A CFO cannot afford to be too inwardly focused and backward looking. A chief accountant can relieve that burden by bringing strong accounting skills to bear and ensuring accurate accounting and reporting. A planning analyst can be a powerful aid to the CFO in supporting the leadership team and board with insightful forward-looking information upon which to base decisions. Blending internal hires with external partners can help balance capability and affordability as the business scales.

Establish a scalable finance ecosystem — advisers, partners, and service providers

The options for creating a scalable finance capability are increasingly rich. Traditionally, many startups would handle basic bookkeeping in-house and rely on part-time support from a professional accountant, increasing the time commitment of each as the business grew.

Today, there are many more options. Self-service accounting and finance software can automate much of the basic bookkeeping including payment, receipt, and account reconciliation functions. The advent of cloud-based, software-as-a-service solutions has made best practice software available to any size business. No longer do you need to spend capital on computers, data centres, and software. Qualified accountants have expanded their offerings to provide full-service, outsourced finance capabilities.

Many startups are also tapping into fractional CFO networks whereby they pay for access to experienced CFOs who can guide them through the growth process without the expense of a full-time hire.

Know when to transition

An entrepreneurial CFO brings a unique set of skills to the table. One of the most important is having enough self-awareness to understand when the time is right for a new person to take on the role. One common inflection point is when a business is planning a stock market listing. The requirements of being a public company are very different from those of a private company, and many choose to switch CFOs in the run-up to a stock offering.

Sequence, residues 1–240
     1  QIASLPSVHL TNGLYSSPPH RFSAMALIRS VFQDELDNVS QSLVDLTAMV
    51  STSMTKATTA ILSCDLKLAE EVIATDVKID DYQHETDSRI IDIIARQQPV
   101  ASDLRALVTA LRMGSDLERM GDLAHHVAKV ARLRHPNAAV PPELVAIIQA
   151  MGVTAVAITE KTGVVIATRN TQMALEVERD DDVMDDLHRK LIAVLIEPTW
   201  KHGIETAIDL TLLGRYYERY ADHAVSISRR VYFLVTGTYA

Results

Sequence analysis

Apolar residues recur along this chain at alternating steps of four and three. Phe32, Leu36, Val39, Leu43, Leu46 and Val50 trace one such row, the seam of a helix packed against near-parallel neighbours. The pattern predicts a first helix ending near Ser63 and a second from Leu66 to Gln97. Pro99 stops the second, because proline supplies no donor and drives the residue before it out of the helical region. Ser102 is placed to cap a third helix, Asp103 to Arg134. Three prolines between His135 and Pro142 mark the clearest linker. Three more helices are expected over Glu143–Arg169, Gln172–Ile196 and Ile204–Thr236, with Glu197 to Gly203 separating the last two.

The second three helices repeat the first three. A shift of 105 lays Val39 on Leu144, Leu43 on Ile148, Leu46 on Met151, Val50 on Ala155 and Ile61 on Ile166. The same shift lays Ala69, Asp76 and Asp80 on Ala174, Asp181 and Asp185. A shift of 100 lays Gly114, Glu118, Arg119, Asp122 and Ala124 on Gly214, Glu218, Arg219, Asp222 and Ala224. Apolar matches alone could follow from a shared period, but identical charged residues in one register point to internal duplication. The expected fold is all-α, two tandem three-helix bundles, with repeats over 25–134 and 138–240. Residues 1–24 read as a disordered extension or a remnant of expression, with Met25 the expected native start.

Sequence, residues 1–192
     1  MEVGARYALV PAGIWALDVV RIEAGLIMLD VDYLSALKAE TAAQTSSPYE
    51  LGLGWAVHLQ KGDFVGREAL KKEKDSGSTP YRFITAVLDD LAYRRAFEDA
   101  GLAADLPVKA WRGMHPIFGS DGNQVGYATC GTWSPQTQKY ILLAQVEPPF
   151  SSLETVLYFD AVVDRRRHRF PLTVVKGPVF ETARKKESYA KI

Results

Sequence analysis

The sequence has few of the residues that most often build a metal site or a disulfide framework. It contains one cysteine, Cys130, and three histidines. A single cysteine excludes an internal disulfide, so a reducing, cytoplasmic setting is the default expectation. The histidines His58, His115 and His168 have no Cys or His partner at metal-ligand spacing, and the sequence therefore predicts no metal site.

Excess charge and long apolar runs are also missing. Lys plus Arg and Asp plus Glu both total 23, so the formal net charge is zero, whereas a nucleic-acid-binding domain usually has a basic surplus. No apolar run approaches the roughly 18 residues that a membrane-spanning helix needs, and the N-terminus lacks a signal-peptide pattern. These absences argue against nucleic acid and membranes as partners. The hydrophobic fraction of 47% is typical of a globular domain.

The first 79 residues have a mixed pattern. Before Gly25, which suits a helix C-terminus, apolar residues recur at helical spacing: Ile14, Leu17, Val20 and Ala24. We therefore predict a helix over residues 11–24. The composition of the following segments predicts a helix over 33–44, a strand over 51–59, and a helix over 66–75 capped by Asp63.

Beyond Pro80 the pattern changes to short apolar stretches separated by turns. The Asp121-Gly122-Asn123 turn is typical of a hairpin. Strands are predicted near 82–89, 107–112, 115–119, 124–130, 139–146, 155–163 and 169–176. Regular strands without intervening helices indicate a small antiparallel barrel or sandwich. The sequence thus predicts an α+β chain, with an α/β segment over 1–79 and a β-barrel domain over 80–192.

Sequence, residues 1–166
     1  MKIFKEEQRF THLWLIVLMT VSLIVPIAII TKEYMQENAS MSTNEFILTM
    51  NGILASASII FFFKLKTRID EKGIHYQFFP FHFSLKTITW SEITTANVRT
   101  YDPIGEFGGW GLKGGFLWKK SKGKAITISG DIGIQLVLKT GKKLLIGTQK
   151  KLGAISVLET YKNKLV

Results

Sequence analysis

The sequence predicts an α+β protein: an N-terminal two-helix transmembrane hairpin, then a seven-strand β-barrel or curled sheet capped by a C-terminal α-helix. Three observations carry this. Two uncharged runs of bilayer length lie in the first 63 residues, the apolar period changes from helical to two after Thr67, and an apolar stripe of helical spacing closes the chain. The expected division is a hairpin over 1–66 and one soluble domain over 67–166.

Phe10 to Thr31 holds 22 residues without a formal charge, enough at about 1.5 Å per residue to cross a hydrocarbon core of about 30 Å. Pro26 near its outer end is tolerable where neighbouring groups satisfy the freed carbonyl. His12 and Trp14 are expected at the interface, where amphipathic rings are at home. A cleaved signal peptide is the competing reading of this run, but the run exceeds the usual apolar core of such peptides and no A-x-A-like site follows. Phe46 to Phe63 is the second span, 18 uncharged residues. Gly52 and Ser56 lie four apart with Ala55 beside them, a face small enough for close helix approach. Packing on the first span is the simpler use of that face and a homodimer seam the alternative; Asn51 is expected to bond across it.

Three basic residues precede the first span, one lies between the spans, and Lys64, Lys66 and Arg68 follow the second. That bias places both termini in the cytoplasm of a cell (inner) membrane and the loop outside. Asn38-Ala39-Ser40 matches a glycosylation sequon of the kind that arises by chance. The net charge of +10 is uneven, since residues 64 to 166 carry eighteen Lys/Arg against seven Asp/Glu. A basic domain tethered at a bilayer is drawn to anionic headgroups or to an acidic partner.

This is not a condemnation of the startup CFO, but more a recognition that the business has evolved to a point where new skills and experience are needed. There is a recurring pattern of CFO transitions at companies such as Google, Netflix, and Spotify as they moved from startup to initial public offering to ongoing operation.

Building a strong finance foundation helps entrepreneurs monetise their ideas. An entrepreneurial CFO balances creativity with discipline. They are able to confront multiple disparate challenges and help shape the growth of an organisation while ensuring the basics are done right. It is a demanding but immensely satisfying role for any finance professional.

David A. J. Axson is a former partner with Accenture, co-founder of The Hackett Group, and former head of corporate planning at Bank of America. He currently serves as part-time CFO of To comment on this article or to suggest an idea for another article, contact Oliver Rowe at


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Podcast episode

Starting Up: 3 Metrics Entrepreneurial CFOs Need to Watch”, FM magazine, 13 October 2021